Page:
2. Congratulations on the birth of your blog. Even tho I know your “story” I love reading it! Looking forward to the next chapter!!

  3. Hi Marvin,

    Very happy to see your new blog. Am looking forward to reading your words of wisdom!

    alicia

  4. Awesome Marvin….now I can have a little Mattelson whenever I need it!

  5. James Harris says:

    I think your new blog is a great idea and I’m looking forward to following your posts. I love the part “technical knowledge inhibits creativity”. Unfortunately, that completely asinine mentality is still pervasive. I wish you the best in this new venture.

    • Great to hear from you James. Hopefully you don’t think that mentality applied to all yor teachers!

      • James Harris says:

        I recently photographed a convention where a company had hired an orchestra conductor as it’s keynote speaker. He in turn hired the Orlando Philharmonic to accompany him. At a certain point in his presentation he invited a volunteer from the audience of a few thousand people to come up on stage and experience what it felt like to conduct an entire orchestra. He had her stand in front of him and he gave her the baton. Then, he grabbed her hand in his and proceeded to conduct a portion of a classical work. His point was to show her and let her feel through his experience and years of training what it was like to be in this position of authority directing musicians that also had spent years perfecting their skills and mastering their various instruments in the orchestra.

        You’d think this would be an unbelievably wonderful experience for her. Instead, she became incredibly upset. And when the music finished she proceeded to yell at him and chew him out for forcing her to conduct the orchestra the way he made her to. When she was invited on stage she thought she was going be able to stand in front of the orchestra and flail her arms about as the orchestra played their music. And I kid you not, she complained that he had forcibly stifled her creativity.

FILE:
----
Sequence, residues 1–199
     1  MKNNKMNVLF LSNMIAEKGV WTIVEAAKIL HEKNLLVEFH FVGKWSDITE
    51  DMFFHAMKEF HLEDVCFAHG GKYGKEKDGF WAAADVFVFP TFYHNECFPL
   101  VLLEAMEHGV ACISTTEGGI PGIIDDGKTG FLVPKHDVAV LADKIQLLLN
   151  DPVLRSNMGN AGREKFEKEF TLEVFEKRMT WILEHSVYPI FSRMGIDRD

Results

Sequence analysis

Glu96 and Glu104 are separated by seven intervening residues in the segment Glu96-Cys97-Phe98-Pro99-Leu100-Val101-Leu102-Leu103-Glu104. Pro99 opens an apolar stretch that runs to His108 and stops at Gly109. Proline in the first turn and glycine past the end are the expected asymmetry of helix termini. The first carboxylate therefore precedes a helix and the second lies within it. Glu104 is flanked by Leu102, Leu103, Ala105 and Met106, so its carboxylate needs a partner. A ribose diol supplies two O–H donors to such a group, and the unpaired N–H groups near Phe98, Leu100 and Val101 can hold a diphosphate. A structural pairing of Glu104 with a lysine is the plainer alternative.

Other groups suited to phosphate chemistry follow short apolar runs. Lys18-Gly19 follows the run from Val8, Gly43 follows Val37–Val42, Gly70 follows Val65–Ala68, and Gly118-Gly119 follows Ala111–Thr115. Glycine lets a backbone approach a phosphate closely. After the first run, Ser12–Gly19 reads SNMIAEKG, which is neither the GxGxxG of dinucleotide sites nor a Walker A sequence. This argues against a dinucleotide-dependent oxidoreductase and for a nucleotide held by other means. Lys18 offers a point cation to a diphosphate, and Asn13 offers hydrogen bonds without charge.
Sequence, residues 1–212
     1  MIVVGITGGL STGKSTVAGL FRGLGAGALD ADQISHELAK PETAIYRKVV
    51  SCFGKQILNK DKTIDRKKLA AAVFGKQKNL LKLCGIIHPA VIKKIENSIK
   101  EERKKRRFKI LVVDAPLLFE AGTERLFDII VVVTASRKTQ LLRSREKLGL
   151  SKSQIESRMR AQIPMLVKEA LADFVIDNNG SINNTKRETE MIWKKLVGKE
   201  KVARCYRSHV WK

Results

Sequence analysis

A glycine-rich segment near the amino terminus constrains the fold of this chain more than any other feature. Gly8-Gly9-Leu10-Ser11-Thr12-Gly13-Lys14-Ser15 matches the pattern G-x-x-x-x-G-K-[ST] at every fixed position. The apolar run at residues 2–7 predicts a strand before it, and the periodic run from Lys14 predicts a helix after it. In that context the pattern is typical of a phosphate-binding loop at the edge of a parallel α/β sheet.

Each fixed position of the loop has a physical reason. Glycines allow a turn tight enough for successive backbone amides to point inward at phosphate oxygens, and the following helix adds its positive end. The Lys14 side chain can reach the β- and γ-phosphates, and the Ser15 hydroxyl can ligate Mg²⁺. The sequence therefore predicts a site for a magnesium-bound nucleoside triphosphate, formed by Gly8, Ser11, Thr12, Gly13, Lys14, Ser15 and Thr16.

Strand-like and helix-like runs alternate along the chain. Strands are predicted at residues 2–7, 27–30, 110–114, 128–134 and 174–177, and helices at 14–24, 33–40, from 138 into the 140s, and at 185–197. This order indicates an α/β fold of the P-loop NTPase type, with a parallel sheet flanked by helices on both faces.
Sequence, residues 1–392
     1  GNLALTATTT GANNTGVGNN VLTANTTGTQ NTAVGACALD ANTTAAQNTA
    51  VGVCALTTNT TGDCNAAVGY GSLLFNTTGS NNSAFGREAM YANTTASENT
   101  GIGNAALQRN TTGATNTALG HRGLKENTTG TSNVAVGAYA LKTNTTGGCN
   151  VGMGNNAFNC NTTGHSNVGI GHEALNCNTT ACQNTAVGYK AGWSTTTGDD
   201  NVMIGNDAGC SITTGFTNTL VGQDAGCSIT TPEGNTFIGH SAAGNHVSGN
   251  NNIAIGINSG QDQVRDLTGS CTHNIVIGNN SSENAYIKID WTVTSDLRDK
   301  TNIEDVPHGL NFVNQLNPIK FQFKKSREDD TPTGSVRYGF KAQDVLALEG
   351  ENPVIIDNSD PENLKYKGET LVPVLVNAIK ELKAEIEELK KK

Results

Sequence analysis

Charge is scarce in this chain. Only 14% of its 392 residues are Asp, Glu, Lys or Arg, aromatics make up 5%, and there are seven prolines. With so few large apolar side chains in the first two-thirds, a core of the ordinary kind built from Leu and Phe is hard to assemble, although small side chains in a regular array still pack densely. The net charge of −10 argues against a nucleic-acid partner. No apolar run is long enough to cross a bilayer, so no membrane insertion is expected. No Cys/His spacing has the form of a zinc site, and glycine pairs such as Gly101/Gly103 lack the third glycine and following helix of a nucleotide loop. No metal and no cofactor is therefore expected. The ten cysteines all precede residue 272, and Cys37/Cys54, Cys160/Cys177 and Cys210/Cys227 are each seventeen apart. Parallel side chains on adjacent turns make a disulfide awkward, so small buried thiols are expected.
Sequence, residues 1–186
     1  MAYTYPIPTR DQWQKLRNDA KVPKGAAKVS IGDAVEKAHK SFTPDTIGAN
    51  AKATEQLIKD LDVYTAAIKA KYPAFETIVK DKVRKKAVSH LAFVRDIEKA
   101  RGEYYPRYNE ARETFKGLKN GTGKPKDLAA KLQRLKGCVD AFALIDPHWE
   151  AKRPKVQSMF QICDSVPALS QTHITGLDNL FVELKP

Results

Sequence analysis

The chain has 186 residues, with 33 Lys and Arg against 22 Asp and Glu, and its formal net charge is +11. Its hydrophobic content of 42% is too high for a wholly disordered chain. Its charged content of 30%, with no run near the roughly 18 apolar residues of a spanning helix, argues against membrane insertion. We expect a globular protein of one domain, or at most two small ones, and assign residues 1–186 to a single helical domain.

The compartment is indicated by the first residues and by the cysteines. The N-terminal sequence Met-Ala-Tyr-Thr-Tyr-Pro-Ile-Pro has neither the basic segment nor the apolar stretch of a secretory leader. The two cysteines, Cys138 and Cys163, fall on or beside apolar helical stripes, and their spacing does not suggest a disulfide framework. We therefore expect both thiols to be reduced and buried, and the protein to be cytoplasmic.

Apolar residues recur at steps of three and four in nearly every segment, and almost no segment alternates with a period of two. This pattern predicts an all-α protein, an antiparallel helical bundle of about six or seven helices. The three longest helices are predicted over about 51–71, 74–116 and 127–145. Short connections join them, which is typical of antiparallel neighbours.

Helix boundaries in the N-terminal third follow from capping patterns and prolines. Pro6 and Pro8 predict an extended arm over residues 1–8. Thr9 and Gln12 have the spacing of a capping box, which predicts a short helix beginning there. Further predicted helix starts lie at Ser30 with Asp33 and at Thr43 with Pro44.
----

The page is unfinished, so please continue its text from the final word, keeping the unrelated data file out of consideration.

I almost dropped my camera.

  6. Judy Mattelson says:

    Love your blog…love you too.

  7. Wishing you the best for your blogging journey. I look forward to reading what you write, as I am not only a student of art, but of learning as well, I will readily devour what you state. You’re successful at what you do, and it’s my desire to follow any advice you give.

    Thanks.

  8. I’m really intrigued!

  9. Its funny reading this post as I see myself in the same situation a little while ago. I was much the same drawing as a kid but never knew how to paint or even where to begin. I started to paint just a couple of years ago (2008) and I was terrible at it(still not good :). It wasn’t until I was able to get broadband I was able to scour the internet and begin to educate myself. It wasn’t until I read about a string palette by this Mattelson fellow 😉 that I then had one of those light-bulb moments…and I haven’t looked back! All I need to do is practice! It’s not easy trying to learn by yourself but thank goodness for the internet and people willing to share their knowledge… Hip hip HAZZAR!!!

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  1. […] ground to learn picture making. (I guess you can say I got paid to learn to design, as well as paint.) Illustrators can traverse one of two paths. They can develop a strong visual style, providing a […]